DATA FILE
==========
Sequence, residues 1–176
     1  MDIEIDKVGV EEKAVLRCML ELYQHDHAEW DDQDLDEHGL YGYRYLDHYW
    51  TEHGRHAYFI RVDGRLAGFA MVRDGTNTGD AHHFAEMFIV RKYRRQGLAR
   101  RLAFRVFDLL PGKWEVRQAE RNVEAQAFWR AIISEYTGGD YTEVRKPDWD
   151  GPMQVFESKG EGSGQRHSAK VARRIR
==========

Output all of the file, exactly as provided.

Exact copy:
Sequence, residues 1–176
     1  MDIEIDKVGV EEKAVLRCML ELYQHDHAEW DDQDLDEHGL YGYRYLDHYW
    51  TEHGRHAYFI RVDGRLAGFA MVRDGTNTGD AHHFAEMFIV RKYRRQGLAR
   101  RLAFRVFDLL PGKWEVRQAE RNVEAQAFWR AIISEYTGGD YTEVRKPDWD
   151  GPMQVFESKG EGSGQRHSAK VARRIR